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16 October 2014
A State Apart

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Ulster Scots
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Logo for the Ulster Scots Agency
The Ulster Scots Agency promotes the study, conservation, development and use of Ulster Scots

Under the section Rights, Safeguards and Equality of Opportunity, the Good Friday Agreement commits the two governments and the Northern Ireland Assembly to show "respect, understanding and tolerance" to Ulster Scots. Ulster Scots, also known as Ullans, is said to be spoken by an estimated 100,000 people in Northern Ireland and East Donegal. (See 'Establishing the Demand for Services and Activities in the Ulster-Scots Language' - Dunn, Morgan & Dawson, 2002). Although the academic jury is still undecided as to whether Ulster Scots is a language or a dialect, the European Bureau for Lesser Used Languages has always recognised Ulster Scots as one of the 'lesser used' languages in Europe. Also the UK Government recognised Scots and Ulster Scots as falling under Part 11 of the European Charter for Regional or Minority Languages which it ratified in 2001.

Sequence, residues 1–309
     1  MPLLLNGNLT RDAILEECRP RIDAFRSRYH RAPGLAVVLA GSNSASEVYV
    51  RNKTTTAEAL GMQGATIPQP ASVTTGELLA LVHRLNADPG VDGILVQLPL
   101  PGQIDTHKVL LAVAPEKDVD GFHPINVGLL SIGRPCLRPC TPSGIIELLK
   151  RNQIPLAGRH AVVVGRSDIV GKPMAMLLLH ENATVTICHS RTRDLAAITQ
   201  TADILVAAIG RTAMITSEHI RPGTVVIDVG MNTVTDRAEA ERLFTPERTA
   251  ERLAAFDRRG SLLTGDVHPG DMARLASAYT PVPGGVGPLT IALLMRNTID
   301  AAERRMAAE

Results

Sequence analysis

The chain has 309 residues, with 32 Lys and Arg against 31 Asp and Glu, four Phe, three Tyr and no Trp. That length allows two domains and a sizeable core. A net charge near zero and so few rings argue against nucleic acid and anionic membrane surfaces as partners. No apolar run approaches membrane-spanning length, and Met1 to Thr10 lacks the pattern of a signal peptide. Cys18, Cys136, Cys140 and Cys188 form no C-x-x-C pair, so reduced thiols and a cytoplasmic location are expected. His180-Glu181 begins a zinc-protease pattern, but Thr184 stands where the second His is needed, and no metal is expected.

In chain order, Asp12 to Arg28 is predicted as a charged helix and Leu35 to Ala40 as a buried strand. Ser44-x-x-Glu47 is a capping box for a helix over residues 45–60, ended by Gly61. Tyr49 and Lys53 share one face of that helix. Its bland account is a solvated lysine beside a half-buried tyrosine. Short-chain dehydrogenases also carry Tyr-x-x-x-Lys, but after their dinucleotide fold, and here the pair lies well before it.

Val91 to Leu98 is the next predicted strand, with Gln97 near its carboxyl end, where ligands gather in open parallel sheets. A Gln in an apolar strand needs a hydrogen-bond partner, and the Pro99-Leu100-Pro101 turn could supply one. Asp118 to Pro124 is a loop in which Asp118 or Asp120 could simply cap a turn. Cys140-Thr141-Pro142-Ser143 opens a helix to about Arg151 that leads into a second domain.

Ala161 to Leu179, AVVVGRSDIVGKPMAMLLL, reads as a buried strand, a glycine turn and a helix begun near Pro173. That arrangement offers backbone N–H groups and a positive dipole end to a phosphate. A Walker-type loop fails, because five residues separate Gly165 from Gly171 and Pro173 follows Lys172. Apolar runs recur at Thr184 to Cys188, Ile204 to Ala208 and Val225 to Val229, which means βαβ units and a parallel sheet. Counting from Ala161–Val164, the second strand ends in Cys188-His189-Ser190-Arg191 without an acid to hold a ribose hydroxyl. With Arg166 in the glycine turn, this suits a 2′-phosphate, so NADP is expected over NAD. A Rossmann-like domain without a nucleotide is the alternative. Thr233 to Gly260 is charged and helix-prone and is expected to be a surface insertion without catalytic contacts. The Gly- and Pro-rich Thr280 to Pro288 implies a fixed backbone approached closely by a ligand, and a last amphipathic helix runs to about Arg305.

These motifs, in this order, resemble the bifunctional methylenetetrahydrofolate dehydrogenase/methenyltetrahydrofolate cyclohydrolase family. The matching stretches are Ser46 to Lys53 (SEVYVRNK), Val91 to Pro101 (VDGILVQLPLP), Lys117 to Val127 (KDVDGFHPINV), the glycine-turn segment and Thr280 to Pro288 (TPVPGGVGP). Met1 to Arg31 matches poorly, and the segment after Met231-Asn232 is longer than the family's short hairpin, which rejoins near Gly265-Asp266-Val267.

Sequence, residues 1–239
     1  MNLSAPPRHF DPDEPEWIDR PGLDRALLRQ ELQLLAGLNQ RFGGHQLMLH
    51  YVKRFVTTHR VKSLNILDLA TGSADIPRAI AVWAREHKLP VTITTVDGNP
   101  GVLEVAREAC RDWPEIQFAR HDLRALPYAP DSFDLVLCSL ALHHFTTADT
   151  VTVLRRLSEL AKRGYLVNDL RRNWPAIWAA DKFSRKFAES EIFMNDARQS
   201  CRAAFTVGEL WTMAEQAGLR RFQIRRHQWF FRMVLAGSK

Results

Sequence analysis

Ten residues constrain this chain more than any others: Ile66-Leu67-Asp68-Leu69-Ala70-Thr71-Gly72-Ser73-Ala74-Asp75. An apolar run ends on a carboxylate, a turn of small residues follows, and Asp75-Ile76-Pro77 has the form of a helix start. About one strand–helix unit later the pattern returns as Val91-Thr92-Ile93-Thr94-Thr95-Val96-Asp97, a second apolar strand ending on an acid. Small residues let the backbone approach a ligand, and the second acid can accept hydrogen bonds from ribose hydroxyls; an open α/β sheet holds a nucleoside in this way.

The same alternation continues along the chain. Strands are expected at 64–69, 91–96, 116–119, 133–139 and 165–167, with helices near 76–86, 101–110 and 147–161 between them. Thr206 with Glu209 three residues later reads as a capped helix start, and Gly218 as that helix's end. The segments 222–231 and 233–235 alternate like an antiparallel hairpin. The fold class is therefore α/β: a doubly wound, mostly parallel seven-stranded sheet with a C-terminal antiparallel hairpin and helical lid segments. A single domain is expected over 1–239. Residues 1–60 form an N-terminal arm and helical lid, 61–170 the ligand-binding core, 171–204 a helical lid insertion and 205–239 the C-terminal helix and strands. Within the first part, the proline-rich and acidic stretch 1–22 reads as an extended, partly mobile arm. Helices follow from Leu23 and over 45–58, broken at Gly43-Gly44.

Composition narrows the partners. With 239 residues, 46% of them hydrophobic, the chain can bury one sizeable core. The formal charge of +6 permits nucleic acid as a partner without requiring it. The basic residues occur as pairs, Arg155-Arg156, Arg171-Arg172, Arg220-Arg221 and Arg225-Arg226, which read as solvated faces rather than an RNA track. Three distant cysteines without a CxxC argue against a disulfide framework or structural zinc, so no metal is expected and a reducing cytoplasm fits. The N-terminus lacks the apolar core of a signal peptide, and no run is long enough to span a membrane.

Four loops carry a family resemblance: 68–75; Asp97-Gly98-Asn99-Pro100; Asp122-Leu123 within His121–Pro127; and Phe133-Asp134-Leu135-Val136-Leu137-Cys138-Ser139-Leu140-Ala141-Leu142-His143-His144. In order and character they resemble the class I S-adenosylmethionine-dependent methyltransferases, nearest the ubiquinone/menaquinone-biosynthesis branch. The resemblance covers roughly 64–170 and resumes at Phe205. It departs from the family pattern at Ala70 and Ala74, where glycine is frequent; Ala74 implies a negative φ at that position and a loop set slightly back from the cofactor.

Audio and Video
Links to audio and video selections can be found on the last page.
Key Academic Opinions
Language, identity and politics in Northern Ireland
The Position of Ulster Scots
Controversy in the study of Ulster Scots
Key Newspaper Articles
The Guid Guide
Teanga DIY d'Fhir Bhui?
Ulster Scots is a regional variant of Scots, which, like English, traces its origins to Anglo-Saxon. Influenced by the linguistic conditions prevalent in Northern Britain during the 8th century, Anglo-Saxon developed into what is now referred to as Scots which for a long time was the language of the royal court in Scotland. In Southern Britain Anglo-Saxon displaced rival dialects and eventually became the basis of the English tongue spoken in the United Kingdom today.  
Key Academic Opinions
Development of Scots in Scotland
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